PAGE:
The U.S. Department of Energy’s (DOE’s) Weatherization and Intergovernmental Program within the Office of Energy Efficiency and Renewable Energy (EERE), in collaboration with EERE’s Better Buildings Initiative, recently launched an online Clean Energy for Low-Income Communities Accelerator (CELICA) Toolkit. The toolkit features an array of informational resources for low-income energy program planning including the Low-Income Energy Affordability Data (LEAD) Tool, an interactive data mapping and graphing tool used to improve understanding of energy affordability for all Americans.
CELICA focuses on reducing energy bills for low-income communities. More than 30 partners from state and local governments, utilities, and community organizations, plus 10 national partners, volunteered for a two-year partnership with DOE which ended in 2019 to better understand and address key energy challenges and demonstrate a wide range of locally designed energy efficiency and distributed renewable energy solutions for low-income residents.
Connecticut’s Department of Energy & Environmental Protection, a CELICA partner, stated, “CELICA helped Connecticut engage with the National Labs and other states with similar goals, identify metrics and data that are already available, and leverage them to create more comprehensive and focused strategies related to clean and efficient energy accessibility for low-income communities.”
The CELICA Toolkit includes more than a dozen informational resources featuring models for developing low-income energy efficiency and renewable energy programs based on the real-world experience of CELICA partners. It provides case studies, issue briefs, templates, and other materials to help program administrators reduce energy burden for low-income communities by enhancing and expanding upon work funded through utility, state, or federal programs.
As part of CELICA, the LEAD Tool was created to help decision makers make data-driven decisions about energy goals and program planning by improving their understanding of low-income housing and energy characteristics. Stakeholders have reported successfully utilizing the LEAD Tool to build or expand their existing energy programs.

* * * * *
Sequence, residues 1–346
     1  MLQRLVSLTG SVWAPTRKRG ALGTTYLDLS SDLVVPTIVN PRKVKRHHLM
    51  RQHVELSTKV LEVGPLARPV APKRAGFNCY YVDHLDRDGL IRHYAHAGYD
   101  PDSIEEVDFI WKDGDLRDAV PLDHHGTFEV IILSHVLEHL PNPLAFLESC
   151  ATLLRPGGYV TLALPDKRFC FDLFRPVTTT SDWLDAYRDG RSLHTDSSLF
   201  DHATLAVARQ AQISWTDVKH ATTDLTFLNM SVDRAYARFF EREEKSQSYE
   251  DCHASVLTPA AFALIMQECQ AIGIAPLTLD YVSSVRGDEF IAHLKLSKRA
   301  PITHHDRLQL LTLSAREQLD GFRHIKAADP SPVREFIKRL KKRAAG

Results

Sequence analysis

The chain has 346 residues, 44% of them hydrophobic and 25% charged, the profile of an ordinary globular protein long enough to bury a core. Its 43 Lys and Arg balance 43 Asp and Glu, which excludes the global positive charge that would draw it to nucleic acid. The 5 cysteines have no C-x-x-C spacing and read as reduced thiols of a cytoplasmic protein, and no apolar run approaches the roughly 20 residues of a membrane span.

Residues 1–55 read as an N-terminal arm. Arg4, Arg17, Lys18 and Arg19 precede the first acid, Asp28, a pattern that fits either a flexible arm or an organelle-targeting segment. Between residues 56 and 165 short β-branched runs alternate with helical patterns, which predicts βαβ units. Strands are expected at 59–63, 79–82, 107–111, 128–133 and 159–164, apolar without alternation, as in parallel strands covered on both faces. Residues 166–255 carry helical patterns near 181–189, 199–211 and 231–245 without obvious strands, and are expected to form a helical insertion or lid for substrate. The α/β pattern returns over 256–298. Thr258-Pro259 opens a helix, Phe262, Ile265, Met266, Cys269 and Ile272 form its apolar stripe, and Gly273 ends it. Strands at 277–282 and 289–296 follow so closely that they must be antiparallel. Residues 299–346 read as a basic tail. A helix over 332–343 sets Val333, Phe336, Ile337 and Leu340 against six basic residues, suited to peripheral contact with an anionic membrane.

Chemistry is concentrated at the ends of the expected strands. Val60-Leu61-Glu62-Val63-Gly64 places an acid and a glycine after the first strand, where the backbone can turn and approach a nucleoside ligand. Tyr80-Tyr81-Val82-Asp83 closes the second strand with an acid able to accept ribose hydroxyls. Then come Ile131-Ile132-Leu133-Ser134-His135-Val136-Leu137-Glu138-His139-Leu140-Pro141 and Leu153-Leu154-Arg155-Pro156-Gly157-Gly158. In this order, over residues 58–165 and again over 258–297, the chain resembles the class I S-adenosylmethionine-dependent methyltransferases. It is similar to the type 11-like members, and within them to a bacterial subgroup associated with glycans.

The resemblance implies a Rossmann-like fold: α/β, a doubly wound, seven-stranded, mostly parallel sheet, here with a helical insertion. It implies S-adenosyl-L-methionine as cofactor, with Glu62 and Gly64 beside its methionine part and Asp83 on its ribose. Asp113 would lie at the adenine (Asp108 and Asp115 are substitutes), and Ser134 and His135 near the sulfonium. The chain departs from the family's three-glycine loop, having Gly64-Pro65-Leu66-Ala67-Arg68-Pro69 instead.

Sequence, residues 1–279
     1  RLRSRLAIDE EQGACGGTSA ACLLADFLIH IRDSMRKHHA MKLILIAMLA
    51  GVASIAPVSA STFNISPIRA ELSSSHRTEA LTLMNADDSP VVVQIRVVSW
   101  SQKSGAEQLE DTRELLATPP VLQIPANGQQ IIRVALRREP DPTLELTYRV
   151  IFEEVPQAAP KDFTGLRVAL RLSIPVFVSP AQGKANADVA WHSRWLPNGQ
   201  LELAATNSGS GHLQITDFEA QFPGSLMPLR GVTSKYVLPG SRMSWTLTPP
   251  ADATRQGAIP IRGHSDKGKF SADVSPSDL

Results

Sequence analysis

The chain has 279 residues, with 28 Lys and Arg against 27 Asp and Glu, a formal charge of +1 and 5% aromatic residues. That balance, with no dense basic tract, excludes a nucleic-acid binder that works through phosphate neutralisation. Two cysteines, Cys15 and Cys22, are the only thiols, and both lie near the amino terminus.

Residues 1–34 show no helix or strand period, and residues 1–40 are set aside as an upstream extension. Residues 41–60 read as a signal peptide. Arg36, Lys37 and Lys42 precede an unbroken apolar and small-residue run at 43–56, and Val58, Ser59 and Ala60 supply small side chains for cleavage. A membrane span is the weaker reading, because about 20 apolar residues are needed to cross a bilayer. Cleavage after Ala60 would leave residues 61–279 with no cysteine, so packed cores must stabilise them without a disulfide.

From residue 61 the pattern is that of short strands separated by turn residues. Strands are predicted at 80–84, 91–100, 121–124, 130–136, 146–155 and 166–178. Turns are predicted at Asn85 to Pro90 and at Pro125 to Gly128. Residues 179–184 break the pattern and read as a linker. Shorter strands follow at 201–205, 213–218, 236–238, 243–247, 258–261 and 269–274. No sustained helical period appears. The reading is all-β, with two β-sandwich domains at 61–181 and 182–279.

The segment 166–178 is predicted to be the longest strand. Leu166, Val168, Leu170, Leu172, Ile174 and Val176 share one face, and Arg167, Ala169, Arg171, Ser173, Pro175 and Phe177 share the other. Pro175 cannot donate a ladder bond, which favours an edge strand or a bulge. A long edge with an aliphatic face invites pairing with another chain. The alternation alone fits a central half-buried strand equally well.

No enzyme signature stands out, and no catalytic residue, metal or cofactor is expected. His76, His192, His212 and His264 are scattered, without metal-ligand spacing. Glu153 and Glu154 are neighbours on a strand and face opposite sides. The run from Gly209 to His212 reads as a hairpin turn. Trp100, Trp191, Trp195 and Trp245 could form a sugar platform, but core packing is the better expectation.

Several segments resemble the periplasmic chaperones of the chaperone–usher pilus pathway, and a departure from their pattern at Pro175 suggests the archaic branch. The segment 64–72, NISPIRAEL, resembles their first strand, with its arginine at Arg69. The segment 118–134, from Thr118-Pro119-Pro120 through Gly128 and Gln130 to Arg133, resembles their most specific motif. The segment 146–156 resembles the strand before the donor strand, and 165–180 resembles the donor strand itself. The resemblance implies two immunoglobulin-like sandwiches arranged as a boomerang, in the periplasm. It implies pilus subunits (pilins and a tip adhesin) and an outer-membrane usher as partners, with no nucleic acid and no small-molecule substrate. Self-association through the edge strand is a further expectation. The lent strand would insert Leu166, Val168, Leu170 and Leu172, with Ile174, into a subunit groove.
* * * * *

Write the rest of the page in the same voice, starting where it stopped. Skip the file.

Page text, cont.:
The Philadelphia Energy Authority, a CELICA partner, stated, “Having access to the LEAD Tool allowed us to understand the extent of energy burdens in Philadelphia. The DOE staff was very supportive in guiding us to take advantage of the tool and make it useful for our work, even going so far as to develop a data set for Philadelphia specifically.”
Throughout the program’s two-year duration, CELICA helped local partners engage with National Labs and peers with similar goals to better serve under-resourced communities and increase energy affordability. For example, some CELICA partners wanted to identify metrics and data available to help create comprehensive strategies and measure success of programs. Through technical assistance and peer mentoring, DOE created an issue brief on how stakeholders can use metrics to set a baseline and track progress and impact from low-income energy programs.
By the end of the program, CELICA partners committed to invest $335 million to serve more than 155,000 households, helping them save an average of 30% or more on their energy bills.
Learn more about the individual CELICA partner accomplishments.